Saturday, May 25, 2013
By TOM ATWELL
As a lark last weekend, celebrating dual birthdays and having a lot of company, I decided to do a tasting of every white beer I found at Shaw's and the Cape Elizabeth IGA.
Hoegaarden is crisp, complex and just a little bit sweet, with yeasty overtones. It’s great for summer.
There were six beers in all, and after opening them, we decided one did not fit the category. But the observations were a little interesting.
The beers tasted were Allagash White, Blue Moon, Hoegaarden, Harpoon UFO White, Wingwalker Belgian White Ale and, the one that didn't fit the category, Peak Organic Summer Session Ale.
"Witbier" actually means "wheat beer" -- although, because the yeast traditionally is not filtered out, it usually has a cloudy whiteness to the color along with the traditional golden yellow, and the term is sometimes translated as "white beer."
I bought the Peak Summer Session because the label on the six-pack said, "a traditional summer wheat beer marries a west coast pale ale," and my mind focused on the wheat beer part. And because I take any excuse to buy a beer from Peak Organic.
But it poured clear and, while very good, was not like the other five beers.
We had five tasters for the five beers. The scoring was surprising similar, except at the top.
The Wingwalker was nicely white and had a nice head, but surprisingly little aroma. It had a bit of a citrus taste along with the yeast, and a fairly thin head. The overall flavor was quite good, but it was just a little bit thin -- surprising, because it was 5.5 percent alcohol. It was rated last or next-to-last by all five tasters.
(Wingwalker, by the way, is a beer that locally is sold only by Shaw's, is priced between craft beers and mass-market beers, and is usually good but not great. This one is typical of the brand.)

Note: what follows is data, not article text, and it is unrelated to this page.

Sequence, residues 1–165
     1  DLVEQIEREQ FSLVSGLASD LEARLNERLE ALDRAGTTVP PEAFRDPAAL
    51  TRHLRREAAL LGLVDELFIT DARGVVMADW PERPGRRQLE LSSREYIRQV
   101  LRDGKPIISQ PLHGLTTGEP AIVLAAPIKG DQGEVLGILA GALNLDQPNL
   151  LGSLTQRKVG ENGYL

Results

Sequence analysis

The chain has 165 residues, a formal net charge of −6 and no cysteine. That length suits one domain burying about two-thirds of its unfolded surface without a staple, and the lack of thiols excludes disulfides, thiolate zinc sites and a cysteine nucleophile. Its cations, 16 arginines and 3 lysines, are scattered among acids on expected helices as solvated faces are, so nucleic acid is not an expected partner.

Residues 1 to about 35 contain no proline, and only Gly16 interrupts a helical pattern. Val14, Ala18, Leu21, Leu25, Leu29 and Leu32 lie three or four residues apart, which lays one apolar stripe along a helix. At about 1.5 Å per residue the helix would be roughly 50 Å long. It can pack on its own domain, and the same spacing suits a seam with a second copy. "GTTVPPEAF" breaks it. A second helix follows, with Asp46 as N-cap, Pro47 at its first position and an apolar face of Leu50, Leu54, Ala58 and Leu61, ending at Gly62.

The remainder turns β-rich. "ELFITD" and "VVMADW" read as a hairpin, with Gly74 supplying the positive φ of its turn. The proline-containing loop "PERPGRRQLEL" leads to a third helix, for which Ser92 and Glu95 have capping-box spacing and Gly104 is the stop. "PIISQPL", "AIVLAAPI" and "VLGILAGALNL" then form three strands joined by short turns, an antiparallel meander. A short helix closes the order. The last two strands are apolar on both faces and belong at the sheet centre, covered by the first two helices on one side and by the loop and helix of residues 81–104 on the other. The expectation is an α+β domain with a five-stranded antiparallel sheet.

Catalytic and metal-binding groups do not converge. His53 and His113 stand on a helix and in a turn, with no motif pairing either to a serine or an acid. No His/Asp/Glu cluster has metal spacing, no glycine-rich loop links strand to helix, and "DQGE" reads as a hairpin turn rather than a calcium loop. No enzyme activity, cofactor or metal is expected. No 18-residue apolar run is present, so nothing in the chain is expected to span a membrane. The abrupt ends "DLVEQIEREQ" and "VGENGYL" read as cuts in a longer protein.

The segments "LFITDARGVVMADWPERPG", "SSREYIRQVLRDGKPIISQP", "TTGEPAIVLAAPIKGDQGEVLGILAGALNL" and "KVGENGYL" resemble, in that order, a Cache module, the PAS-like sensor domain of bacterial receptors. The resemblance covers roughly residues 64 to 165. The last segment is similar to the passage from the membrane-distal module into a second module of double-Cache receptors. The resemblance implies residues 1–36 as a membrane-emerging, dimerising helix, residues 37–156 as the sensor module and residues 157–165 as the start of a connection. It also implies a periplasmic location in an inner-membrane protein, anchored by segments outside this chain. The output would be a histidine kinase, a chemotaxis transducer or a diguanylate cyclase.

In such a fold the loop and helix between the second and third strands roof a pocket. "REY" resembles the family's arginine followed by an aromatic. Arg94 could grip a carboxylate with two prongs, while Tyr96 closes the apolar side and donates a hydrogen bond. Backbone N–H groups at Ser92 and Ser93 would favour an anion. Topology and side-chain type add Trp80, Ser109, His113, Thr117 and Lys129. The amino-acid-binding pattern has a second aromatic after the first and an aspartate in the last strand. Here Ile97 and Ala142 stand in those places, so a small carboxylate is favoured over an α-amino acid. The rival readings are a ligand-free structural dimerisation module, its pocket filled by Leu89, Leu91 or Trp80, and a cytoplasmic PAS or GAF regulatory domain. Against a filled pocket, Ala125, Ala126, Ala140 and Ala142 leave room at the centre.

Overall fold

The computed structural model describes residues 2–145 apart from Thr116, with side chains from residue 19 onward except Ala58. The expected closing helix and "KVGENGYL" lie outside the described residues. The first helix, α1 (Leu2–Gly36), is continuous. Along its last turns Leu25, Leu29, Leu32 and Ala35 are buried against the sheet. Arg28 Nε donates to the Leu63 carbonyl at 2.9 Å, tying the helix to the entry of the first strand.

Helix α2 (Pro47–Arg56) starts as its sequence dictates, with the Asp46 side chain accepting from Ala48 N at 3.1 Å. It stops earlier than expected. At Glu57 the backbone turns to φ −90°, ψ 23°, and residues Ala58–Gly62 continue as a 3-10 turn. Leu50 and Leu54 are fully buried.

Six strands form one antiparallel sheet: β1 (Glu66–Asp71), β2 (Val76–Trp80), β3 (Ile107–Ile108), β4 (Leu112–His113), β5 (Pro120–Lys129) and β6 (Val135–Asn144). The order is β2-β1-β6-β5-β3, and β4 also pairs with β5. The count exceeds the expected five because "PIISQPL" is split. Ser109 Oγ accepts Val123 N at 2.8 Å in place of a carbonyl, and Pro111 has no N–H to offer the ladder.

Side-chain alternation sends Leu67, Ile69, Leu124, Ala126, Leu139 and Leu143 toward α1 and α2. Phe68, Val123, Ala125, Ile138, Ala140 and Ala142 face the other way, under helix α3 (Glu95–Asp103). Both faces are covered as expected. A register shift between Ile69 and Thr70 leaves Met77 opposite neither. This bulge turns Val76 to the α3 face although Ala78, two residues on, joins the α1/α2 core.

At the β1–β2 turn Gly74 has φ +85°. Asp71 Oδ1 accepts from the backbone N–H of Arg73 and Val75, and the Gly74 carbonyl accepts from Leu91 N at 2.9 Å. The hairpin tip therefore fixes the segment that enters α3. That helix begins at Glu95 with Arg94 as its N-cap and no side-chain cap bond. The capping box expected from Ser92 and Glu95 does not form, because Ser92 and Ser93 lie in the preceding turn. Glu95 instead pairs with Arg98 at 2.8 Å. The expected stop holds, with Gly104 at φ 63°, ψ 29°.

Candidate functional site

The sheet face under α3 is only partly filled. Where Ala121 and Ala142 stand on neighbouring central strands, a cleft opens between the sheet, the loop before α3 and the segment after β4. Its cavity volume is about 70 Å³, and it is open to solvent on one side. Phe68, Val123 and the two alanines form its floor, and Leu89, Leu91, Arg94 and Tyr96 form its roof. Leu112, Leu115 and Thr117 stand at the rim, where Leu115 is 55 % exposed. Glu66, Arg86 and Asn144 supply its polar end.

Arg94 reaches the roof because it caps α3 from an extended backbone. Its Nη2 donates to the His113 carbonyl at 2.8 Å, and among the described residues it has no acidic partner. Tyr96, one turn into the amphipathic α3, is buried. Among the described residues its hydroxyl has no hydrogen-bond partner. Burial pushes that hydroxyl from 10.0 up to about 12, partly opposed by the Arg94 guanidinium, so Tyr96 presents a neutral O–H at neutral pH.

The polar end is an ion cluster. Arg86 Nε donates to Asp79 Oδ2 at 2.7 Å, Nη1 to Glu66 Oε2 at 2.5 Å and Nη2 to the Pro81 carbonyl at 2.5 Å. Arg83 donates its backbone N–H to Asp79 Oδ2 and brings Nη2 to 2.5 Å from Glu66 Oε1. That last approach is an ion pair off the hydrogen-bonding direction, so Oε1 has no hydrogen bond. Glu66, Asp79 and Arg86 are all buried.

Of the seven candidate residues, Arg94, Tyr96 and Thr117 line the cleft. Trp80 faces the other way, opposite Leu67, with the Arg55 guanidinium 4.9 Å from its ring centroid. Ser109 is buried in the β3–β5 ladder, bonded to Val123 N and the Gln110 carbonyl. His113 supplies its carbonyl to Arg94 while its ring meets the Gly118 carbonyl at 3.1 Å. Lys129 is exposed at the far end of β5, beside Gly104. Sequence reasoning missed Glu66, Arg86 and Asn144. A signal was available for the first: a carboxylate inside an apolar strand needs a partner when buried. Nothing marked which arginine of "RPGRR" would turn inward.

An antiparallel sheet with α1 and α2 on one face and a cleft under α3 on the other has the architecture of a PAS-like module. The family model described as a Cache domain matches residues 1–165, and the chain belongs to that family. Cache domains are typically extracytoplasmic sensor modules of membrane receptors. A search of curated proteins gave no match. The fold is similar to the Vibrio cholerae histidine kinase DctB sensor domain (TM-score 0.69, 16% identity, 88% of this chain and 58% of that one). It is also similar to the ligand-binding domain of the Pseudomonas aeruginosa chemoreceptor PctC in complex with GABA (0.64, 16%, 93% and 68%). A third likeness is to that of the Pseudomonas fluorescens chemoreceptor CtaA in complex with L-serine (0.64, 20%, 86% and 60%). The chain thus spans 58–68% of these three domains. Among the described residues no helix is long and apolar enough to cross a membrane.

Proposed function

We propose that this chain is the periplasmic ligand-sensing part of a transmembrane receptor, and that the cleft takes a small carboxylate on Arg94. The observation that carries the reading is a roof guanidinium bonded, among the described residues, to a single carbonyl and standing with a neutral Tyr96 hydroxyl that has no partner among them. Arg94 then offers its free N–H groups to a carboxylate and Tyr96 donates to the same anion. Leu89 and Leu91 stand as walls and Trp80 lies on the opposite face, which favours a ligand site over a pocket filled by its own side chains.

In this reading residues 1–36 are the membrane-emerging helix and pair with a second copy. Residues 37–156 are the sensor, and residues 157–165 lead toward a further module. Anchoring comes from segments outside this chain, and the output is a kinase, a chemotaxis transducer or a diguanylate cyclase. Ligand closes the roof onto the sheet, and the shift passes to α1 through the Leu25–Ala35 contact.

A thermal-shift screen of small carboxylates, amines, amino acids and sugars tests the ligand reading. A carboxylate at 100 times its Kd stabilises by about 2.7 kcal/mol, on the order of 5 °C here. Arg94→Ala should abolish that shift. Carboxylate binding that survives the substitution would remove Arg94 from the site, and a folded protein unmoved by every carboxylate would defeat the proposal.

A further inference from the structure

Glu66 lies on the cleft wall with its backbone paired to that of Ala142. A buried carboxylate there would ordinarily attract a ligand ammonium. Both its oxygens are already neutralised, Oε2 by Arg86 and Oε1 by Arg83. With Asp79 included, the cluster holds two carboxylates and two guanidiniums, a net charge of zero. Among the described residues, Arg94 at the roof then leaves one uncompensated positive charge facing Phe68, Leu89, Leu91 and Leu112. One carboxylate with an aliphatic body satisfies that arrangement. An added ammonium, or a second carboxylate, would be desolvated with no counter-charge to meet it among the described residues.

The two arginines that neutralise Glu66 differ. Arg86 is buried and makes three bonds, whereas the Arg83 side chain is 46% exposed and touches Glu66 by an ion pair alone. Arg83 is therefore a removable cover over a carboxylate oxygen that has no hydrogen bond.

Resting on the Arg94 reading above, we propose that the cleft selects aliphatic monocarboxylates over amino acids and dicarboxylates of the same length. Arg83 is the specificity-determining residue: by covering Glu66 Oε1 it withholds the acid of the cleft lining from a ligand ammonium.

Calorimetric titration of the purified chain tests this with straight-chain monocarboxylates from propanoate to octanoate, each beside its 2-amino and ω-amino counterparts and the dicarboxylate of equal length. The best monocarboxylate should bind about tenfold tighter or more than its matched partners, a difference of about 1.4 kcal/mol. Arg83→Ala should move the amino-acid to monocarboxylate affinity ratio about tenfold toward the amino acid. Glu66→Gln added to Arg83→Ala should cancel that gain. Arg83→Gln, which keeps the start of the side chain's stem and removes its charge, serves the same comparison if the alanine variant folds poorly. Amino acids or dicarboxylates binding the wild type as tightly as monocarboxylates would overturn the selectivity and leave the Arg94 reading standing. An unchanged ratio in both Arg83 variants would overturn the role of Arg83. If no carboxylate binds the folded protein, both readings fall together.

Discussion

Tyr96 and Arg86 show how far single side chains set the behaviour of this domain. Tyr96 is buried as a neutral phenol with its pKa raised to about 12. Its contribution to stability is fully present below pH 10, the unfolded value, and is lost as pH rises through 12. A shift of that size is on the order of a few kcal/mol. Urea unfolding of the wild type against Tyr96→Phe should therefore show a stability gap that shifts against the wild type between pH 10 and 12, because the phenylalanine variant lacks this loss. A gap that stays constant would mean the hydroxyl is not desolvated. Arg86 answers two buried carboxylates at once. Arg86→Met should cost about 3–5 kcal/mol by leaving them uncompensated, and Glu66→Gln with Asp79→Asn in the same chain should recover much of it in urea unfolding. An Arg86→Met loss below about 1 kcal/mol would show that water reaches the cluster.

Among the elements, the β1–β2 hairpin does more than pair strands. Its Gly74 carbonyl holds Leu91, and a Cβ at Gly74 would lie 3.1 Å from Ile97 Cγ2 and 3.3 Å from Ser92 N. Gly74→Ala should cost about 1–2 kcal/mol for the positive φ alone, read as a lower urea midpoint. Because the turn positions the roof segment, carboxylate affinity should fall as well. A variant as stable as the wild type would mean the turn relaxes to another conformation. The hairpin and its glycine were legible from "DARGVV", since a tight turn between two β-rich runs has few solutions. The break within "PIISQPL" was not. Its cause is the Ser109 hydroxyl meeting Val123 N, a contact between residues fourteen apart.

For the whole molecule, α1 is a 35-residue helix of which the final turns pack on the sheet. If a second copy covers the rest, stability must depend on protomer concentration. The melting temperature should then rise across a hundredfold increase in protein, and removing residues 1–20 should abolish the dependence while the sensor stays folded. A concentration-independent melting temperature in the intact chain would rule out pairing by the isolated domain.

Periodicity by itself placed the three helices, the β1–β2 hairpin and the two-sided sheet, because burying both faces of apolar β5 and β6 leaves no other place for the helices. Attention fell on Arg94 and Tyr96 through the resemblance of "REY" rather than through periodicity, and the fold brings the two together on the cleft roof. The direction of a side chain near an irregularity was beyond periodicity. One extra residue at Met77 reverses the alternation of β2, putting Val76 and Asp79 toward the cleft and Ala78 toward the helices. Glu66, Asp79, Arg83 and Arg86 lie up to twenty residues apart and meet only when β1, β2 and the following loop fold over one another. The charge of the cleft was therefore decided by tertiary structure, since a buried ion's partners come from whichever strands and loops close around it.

Blue Moon was a lot sweeter than I expected, and was by far the sweetest of the five beers. It was fairly lightly carbonated, contained 5.4 percent alcohol, and had just a bit of citrus and wheat flavors. Blue Moon is made by MillerCoors, and is very popular. I just could not get past the sweetness.
The Harpoon was absolutely middle-of-the-pack with everyone. It was unfiltered, but did not seem to have as much yeast cloudiness as the others. And at 4.8 percent alcohol, it is the lowest in alcohol content of the five. It has a slight orange flavor, but not a lot of it.
Harpoon describes this as a Hefeweizen, meaning it is meant to replicate the southern German version of a wheat beer rather than a Belgian witbier, but I don't think it makes much difference. This is a beer I can drink with absolute ease, but not necessarily one I would seek out.
The two top beers were Hoegaarden, with three people favoring it, and Allagash White, with two votes. I was part of the minority favoring the Allagash, but I like them both a lot.
Hoegaarden is daughter-in-law Marah's current favorite beer, and at 4.9 percent alcohol, it is crisp, complex and slightly sweet, and dominated by the yeast. I try to have this on hand when she visits, so I drink quite a bit of it, and it is a great summer beer. It has a fruitiness, although there is not fruit in the beer.
The Allagash White is another beer I drink quite a lot. It has a creamy texture, which is something I like, and is right in the middle between sweet and sour, with just a bit of bitterness as you swallow the beer. Although this is a year-round beer, like the Hoegaarden, it is a beer I drink more often in the summer.
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